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Godzdogz

The blog of the Dominican student brothers at Blackfriars, Oxford.

Built on the four pillars of our Dominican life – preaching, prayer, study, and community – Godzdogz offers many resources for exploring the Catholic Faith today.
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Ministries, Charisms, Fruits -21-Gentleness

Tuesday, June 16, 2009
Nothing is so strong as gentleness, nothing so gentle as real strength - St. Francis de Sales

Gentleness is not often associated with strength. An alternative translation of praotes, the Greek word used by Paul, is meekness. Neither of these translations suggests strength. Far too often the opposite is assumed: to be gentle is to be delicate, weak and even feeble. The concept of gentleness does not seem to fit into the dog-eat-dog world we live in. However, gentleness, properly understood, is far from these negative connotations. To be gentle is to be in control of oneself. It is to have a balanced and tranquil spirit. It is to be even-tempered, and to have hold over the passions. The gentle person is the master of their strength and power. The Latin Vulgate expresses this by using the compound mansuetudo - being accustomed to taming the hand. Gentleness is being appropriately restrained in our actions and words, especially in our interactions with other people. We all recognize how hard it is to practise this virtue. Sartre said “hell is other people” and all too often we might feel that he is right. But because it is difficult we need the Holy Spirit to aid us in being gentle.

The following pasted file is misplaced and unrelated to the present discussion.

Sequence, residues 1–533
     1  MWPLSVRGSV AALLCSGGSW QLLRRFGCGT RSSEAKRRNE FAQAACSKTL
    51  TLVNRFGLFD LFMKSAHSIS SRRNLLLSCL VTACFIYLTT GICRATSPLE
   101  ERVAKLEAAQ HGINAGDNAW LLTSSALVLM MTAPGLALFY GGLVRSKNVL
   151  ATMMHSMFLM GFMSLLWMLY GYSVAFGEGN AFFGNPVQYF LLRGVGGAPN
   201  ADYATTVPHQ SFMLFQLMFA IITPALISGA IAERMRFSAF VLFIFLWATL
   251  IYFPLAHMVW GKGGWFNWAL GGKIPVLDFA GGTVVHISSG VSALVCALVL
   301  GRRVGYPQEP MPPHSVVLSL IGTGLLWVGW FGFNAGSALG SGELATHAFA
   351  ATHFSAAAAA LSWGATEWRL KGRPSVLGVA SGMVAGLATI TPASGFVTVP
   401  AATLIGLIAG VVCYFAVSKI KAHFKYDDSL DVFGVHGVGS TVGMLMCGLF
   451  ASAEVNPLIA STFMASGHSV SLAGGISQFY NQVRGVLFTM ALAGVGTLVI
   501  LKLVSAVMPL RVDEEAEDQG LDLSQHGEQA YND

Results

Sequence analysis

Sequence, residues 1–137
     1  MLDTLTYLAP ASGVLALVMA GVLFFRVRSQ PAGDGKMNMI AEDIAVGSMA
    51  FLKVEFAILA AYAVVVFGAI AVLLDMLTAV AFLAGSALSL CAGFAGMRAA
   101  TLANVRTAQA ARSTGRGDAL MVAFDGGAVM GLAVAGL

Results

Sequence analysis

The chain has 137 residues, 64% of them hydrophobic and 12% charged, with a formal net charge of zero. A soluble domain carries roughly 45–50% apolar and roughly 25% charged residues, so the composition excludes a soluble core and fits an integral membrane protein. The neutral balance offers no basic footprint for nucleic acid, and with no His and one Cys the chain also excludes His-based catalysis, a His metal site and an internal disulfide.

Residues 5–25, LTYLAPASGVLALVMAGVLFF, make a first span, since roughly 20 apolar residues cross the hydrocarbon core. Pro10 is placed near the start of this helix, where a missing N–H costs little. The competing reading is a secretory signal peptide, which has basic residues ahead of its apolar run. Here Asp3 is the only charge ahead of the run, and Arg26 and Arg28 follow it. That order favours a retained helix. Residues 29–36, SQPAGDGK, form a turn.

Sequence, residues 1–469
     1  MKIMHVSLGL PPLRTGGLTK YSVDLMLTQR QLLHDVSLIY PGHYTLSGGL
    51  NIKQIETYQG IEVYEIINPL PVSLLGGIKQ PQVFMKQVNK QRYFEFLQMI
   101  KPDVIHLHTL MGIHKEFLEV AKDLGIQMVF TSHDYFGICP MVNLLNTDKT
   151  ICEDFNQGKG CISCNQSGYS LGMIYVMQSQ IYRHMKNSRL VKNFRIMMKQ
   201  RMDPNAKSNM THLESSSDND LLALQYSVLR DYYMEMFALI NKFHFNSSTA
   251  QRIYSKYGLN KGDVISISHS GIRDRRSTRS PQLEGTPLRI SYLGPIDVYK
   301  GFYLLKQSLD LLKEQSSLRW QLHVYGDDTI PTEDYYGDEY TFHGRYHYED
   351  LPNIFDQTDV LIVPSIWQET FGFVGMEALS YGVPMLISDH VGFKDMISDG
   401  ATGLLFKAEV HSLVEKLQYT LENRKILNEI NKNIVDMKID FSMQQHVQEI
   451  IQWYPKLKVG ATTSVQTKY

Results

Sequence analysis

Gentleness, however, does not turn us into punching-bags for the world. Whilst we must always be willing to pardon offences; we must also be able fraternally to correct faults gently and with love. Gentleness helps our actions to have a positive effect. To use an old saying, 'you catch more flies with honey than vinegar'. It is a sign of real and true strength to be able to act with restraint and gentleness, and the Holy Spirit allows us to overcome all obstacles to this practice. Like the message to Elijah the Gospel will not be proclaimed by great winds, earthquakes, or fire but by the whistling of gentle air.

Mark Davoren

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